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Be the Voice

Rose Cassy (Global Fund for Women)WARDLEY D. BARRY-IGIVISA

An entry in the 2016 Crocodile Prize

Be the voice
When silence dominates and ignorance
Shoves cottons down the throats of your fathers;
And fear cripples your mothers’ vocal chords;
And your weeping child is choking for breath
Desperately on the portals of death.
Stand up and sing a song or speak some words.
Carve them on wood; scribble them on papers;
And paste them on walls — nail them on a fence.
Be the voice.

When no one speaks and all lie in pretence,
Be the voice.
Climb to the top of the highest mountain,
And shout across the halls of valleys deep.
Let your echoes skip above soaring trees.
Let them spread their wings and glide with the breeze.
Let them arouse the kumuls in their sleep,
And bring music to garamuts again.
Be the voice;
For life, for love, for living. Take the chance.

Bear the burden, but entertain no pain.
Mortify your horrors and chase your dreams.
Be the voice
That rises when everyone’s falling down,
And soars higher when everyone’s standing.
Run in the morning and fly at evening.
Hold your pride. Wear your belief as a crown.
Be the voice
Rising above uninterrupted screams,
Where warriors of truth and justice are slain.

Wipe from your eyes the tear. Peel off the frown.
Bury your remorse in the garbage pit
— Justice favours the determined and brave.
Be the voice
That offers to the poor a second chance;
That gives to the downtrodden vengeance.
Be the voice
That gives freedom to the banned and the slave.
When threatened with fines or coddled with meat,
Even then, parade your cause around town.

Be the voice that money cannot silence;
And scheming politics cannot correct;
A voice that knows its heart and its own head.
Look at the people around you. Can you
Be their voice?
Be their voice.
And as needle is to the pole, be true.
In the end, justice makes hearts warm with glad-
ness, and truth makes the whole world its subject.
My friend, be the voice that makes a difference!



“All women—we all are fierce. We have all the same rights that men do” - Rose Cassy

Rose’s husband abused her for almost 20 years of their marriage. After decades of emotional and physical suffering, Rose took her husband to court and won her case against him. He was fined for his abuses and warned to stop his violent behavior. This victory empowered Rose, and she wanted to help other women in similar circumstances win their right to freedom from violence. She joined Global Fund for Women grantee partner Voice for Change, which works in rural communities in Jiwaka in Papua New Guinea to fight for women’s rights and safety, and stop gender-based violence and harmful traditional practices like polygamy.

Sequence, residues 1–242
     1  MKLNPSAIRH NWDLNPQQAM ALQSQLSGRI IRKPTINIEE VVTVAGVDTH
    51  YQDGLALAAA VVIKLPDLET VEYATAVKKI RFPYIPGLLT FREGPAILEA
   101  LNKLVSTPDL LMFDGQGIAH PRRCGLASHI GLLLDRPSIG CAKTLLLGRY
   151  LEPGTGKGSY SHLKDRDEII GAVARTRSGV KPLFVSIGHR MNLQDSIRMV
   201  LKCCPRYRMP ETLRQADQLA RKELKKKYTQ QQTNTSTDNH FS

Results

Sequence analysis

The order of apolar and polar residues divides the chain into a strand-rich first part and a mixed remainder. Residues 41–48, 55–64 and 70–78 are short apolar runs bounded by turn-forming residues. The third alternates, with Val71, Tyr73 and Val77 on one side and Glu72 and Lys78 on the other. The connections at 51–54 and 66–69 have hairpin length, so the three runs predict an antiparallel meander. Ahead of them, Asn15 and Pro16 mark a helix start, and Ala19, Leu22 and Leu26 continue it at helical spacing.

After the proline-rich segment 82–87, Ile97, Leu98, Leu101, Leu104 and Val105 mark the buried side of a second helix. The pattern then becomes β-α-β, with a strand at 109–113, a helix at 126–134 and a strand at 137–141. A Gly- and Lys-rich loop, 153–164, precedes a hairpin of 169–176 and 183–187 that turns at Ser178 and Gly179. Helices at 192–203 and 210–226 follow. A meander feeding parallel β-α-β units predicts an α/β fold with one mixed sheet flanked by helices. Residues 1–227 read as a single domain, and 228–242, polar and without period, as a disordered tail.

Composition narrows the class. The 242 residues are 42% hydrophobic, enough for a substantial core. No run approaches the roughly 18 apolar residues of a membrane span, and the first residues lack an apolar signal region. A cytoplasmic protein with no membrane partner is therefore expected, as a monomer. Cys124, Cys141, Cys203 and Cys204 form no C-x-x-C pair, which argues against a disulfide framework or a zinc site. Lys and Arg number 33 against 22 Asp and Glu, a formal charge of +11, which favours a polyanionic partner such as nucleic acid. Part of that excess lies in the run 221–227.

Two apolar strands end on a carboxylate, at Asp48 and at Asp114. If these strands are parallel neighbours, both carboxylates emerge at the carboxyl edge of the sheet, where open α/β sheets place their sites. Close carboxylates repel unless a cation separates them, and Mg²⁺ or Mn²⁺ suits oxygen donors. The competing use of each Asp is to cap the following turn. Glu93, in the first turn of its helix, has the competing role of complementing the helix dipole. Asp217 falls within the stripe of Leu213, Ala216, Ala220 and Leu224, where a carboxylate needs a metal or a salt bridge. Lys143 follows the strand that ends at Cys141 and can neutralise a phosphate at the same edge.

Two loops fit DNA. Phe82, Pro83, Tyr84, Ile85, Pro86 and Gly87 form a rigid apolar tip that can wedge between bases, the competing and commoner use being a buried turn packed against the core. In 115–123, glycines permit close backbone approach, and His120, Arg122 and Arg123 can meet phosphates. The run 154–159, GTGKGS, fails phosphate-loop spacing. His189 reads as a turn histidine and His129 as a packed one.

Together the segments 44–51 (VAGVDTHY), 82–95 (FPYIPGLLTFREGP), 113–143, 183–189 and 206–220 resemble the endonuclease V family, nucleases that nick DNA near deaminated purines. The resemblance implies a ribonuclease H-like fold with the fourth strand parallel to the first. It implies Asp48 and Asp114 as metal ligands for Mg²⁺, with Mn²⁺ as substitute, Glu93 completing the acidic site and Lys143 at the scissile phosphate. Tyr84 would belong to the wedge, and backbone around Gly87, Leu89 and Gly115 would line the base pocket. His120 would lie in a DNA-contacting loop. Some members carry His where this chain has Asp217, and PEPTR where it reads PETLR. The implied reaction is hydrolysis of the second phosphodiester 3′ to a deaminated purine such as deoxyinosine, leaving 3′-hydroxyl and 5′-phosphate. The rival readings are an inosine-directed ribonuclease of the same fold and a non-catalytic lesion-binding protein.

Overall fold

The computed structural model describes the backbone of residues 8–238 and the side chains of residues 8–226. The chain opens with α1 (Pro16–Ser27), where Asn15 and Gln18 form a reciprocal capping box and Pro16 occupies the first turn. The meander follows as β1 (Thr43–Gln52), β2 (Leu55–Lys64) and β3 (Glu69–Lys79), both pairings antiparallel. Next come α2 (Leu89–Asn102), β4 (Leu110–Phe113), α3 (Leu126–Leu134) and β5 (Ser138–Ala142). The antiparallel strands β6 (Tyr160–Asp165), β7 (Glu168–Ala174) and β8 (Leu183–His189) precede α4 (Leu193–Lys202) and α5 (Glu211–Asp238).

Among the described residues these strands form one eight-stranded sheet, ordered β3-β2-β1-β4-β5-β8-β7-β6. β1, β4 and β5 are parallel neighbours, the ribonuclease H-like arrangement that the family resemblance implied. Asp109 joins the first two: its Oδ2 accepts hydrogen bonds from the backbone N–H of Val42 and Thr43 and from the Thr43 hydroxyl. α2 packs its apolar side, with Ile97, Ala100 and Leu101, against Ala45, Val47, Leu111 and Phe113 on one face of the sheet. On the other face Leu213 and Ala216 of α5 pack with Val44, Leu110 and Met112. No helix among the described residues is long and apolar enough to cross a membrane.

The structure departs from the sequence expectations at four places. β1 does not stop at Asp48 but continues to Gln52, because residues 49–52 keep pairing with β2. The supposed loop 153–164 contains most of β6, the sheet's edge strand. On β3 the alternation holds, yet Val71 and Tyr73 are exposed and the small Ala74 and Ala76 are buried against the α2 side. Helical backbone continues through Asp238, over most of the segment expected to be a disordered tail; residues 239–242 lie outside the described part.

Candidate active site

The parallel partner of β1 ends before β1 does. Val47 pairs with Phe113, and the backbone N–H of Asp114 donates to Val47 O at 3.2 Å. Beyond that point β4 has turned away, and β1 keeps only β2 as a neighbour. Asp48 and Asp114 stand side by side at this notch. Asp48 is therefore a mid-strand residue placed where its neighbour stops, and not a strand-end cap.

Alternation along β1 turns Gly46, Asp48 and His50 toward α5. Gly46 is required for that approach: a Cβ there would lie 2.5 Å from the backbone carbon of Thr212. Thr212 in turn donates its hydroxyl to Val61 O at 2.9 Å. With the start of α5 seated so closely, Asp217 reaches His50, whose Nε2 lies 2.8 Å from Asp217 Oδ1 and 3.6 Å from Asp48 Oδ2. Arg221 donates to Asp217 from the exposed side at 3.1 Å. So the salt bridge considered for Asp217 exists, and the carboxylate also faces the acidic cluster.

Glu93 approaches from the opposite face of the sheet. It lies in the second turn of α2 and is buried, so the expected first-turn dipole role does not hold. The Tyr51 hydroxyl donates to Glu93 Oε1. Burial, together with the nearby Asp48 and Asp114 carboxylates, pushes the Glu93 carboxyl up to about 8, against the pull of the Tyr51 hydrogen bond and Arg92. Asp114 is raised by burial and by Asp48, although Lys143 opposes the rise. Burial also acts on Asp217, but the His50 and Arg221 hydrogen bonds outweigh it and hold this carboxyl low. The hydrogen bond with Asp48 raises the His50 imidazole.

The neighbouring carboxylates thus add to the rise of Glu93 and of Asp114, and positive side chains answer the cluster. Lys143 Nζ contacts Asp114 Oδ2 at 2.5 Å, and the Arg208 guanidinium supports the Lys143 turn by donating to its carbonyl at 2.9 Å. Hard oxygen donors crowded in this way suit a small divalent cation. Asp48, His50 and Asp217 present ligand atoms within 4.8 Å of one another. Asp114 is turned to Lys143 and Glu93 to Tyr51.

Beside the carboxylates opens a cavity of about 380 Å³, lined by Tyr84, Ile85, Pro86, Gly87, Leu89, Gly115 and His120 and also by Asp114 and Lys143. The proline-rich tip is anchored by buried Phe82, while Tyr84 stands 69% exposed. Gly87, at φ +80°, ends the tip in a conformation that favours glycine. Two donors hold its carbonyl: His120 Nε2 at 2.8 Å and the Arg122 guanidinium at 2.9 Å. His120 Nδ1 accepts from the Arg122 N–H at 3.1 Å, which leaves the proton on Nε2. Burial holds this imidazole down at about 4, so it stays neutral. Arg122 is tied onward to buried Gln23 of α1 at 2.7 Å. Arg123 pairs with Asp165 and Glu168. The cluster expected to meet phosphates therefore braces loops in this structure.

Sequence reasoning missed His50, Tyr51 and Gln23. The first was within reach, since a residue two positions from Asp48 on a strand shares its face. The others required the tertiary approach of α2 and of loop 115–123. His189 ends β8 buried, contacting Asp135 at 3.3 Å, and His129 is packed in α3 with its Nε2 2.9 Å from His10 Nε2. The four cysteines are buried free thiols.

Rose now escorts other women to court, providing moral and legal support for women testifying in cases of domestic violence and polygamy. In these situations, Rose often finds herself face-to-face with a woman’s abuser, and she stands up to him on her behalf. “Many women don’t know their human rights, the laws of the country, or how the courts work and how to access justice,” says Rose. “That’s why violence against women is a national issue. Violence against women is a normal thing.”


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Wardley Barry

Rose Casey, one word - courageous. To be the voice of abused women in a society where such ill treatments have become commonplace is something. Thanks Keith for connecting her endeavour with the poem.

Michael, poetry sure is a powerful voice. Though it is not always direct, the message is always profound and provocative. It makes people think and moves them to act. I'm glad that through poetry I can be the voice of myself and for others. On a personal note, I find poetry therapeutic.

Michael Theophilus Dom

I could not get to sleep. So I made some tea, set-up my laptop in the dining room, opened up my email to find this news article from The Guardian waiting for me.

Call it the hand of God, call it coincidence in the way the world moves today. It was an inspiring and galvanizing read.

Here it is.

‘Poetry is a perfect form to challenge human rights abuses’, by Shami Chakrabarti

The former director of Liberty explains why she feels poets are able to give such powerful voice to defend against oppression.

She mentions that the poetry of witness has long compensated for censored or corrupted news media when truth must be spoken to power.

Shelley claimed that “poets are the unacknowledged legislators of the world”, and his work must have moved more people than a host of dry regulatory codes.

These days, human rights are under threat the world over – in Britain, Europe, and further afield. They have few friends in power, whether in politics, corporations or conventional media.

Surely, this challenge creates a new opportunity and purpose for poetry, for it is this medium above all others that so connects our inner and outer voices; both a quiet conscience and a call to arms.

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